An author is one who “writes a book, article, play, etc.” A researcher is “someone whose job is to study a subject carefully, especially in order to discover new information or understand the subject better.” However, in a broad sense, a researcher is an author first. In a research cycle, a researcher needs to become an author from the very beginning of the research (preparation of proposal) to the end of the research (writing a paper for publication).[ 1 ]

Basic computer skills are essential for authors writing research papers because computers and technology have become a fundamental part of the research and writing process. As a new author writing a research paper, there are several essential software skills that can help you streamline the writing process, improve the quality of work, and ensure that the proposal or paper is formatted correctly.[ 2 ] However, these skills are rarely taught in our formal undergraduate or postgraduate course of study.

In this context, we discuss some of the basic software skills that may enhance the the quality of an research article in this article. This includes word processing software, grammar-checking software, paraphrasing tools, statistical software, writing tools, and keyword-searching tool.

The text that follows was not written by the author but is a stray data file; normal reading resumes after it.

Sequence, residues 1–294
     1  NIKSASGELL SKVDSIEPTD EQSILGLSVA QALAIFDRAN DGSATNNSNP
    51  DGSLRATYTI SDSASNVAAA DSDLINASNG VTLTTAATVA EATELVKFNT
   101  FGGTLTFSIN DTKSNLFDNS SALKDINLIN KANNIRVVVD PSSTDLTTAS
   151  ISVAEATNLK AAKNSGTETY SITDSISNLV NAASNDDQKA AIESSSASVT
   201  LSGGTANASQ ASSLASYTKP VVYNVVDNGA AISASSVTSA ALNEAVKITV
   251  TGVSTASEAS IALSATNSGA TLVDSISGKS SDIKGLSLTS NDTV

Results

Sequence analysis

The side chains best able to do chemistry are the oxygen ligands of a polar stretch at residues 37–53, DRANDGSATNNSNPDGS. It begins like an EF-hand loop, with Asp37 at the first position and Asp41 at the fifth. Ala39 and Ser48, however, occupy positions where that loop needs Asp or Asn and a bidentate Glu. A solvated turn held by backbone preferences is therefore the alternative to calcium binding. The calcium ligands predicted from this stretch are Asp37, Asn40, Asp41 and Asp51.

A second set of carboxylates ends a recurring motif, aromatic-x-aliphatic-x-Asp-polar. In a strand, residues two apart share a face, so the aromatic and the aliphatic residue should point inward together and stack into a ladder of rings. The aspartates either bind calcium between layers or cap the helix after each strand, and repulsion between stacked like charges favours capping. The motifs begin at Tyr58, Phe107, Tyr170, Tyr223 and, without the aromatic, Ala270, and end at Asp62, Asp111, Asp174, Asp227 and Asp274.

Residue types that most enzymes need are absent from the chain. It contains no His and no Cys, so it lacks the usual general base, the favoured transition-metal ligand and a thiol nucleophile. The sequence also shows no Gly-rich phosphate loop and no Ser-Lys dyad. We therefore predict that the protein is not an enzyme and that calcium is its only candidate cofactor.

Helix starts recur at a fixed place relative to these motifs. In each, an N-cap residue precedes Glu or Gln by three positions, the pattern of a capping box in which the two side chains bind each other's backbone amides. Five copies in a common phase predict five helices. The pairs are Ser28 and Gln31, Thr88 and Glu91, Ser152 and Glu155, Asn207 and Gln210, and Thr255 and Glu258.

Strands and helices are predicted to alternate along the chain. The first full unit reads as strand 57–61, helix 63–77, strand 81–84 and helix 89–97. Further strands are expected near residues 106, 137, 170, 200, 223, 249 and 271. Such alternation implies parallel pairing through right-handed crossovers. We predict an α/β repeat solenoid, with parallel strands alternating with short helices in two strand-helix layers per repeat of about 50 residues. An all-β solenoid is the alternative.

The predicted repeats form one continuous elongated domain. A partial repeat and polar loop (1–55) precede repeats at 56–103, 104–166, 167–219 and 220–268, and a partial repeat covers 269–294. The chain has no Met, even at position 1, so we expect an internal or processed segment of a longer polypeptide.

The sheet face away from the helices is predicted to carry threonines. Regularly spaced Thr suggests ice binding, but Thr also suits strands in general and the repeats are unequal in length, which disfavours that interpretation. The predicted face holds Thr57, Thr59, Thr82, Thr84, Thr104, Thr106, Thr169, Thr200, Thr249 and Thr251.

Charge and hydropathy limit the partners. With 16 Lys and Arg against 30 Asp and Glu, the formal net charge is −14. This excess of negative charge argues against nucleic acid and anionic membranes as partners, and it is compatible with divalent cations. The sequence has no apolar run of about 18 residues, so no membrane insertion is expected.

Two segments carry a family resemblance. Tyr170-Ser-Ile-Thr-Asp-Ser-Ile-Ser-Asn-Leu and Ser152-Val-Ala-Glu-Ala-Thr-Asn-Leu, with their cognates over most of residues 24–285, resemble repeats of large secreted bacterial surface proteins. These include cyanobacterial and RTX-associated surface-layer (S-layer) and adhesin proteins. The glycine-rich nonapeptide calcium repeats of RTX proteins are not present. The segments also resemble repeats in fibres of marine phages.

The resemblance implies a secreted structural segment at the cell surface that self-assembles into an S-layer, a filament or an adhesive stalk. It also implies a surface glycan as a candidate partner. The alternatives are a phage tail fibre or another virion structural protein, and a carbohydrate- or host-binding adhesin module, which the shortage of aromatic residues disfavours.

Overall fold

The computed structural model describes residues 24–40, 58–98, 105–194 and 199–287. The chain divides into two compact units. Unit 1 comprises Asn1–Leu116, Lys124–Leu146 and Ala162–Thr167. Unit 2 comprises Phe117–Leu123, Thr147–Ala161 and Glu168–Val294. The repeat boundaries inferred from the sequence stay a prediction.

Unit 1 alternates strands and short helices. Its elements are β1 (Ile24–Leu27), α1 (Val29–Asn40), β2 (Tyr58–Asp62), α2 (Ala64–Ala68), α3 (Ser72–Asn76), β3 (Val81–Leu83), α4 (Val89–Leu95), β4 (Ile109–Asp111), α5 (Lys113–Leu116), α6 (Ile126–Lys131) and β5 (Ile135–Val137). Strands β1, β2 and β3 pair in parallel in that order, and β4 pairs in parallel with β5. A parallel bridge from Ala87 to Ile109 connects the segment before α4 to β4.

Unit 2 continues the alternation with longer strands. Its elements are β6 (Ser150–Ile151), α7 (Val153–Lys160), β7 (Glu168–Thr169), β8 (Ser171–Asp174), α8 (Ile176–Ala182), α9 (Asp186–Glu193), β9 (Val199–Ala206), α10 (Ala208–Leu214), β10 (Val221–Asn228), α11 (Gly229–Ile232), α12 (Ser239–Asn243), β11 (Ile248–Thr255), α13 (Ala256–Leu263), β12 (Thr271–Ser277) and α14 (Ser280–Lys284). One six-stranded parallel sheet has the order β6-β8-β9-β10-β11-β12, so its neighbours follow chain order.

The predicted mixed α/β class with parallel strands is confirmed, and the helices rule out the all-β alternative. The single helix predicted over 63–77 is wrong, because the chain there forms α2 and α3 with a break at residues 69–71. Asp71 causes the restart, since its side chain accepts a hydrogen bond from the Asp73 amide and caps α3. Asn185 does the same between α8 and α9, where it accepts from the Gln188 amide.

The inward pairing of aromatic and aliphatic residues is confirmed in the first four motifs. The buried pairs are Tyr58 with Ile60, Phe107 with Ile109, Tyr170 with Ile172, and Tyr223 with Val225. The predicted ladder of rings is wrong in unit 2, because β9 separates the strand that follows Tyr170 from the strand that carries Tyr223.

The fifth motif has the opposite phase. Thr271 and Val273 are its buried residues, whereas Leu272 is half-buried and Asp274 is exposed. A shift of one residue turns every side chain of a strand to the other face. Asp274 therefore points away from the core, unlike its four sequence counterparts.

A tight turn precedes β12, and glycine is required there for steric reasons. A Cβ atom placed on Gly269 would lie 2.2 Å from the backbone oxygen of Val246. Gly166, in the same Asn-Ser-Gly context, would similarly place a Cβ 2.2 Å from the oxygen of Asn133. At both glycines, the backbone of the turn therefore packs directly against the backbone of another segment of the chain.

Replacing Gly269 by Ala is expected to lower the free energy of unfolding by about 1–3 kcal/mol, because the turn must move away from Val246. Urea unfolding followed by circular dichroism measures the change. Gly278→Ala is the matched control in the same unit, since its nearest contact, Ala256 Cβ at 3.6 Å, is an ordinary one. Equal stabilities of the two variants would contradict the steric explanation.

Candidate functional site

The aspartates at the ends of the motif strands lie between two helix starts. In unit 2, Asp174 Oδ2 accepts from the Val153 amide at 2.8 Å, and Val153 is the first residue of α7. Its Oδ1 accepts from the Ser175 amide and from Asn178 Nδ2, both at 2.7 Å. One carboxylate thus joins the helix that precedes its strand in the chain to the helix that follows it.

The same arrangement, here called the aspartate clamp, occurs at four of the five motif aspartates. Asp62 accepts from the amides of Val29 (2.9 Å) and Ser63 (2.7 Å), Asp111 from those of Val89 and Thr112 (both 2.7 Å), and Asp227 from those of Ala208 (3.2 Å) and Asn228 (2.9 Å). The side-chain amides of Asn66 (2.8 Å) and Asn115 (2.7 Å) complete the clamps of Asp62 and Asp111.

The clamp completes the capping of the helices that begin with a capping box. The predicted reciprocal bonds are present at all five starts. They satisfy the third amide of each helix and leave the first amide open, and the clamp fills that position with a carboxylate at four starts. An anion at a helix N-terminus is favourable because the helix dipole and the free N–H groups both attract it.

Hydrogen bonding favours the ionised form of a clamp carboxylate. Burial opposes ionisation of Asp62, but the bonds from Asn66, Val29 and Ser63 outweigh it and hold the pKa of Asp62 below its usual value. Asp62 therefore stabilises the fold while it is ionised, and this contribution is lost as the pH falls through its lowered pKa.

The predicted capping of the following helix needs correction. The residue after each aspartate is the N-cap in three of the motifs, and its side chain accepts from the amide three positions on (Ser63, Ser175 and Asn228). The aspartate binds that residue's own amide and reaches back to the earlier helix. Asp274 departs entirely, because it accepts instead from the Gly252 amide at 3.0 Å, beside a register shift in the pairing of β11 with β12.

Software applications

We describe some of the free software applications that may help authors during the preparation of a research paper. All the applications described are available either for computers or can be used online without paying any fees. Relevant websites where the tools are available are shown in Table 1 .

Software application (downloadable and online) with websites and their primary use for research purposes

WPS=Writer, Presentation and Spreadsheets, MeSH=Medical Subject Headings, DOI=Digital Object Identifier, JANE=Journal/Author Name Estimator, GPT=Generative Pre-training Transformer

Computer software applications

Apache OpenOffice is a free and open-source office software suite that includes a word processor (writer), spreadsheet, presentation software, and other tools. OpenOffice Writer is similar to Microsoft Word and can be used to write and format your research article.[ 3 ] This program is capable of saving the file into its own format (.odt) and also helps in saving the file in Microsoft Word document format (.doc). Hence, any text typed in this program can easily be opened with Microsoft Word. Along with typing an article, this program can help in making a flow chart (e.g. PRISMA flow chart for systemic review and meta-analysis) for research articles. Figure 1 shows the user interface of OpenOffice writer.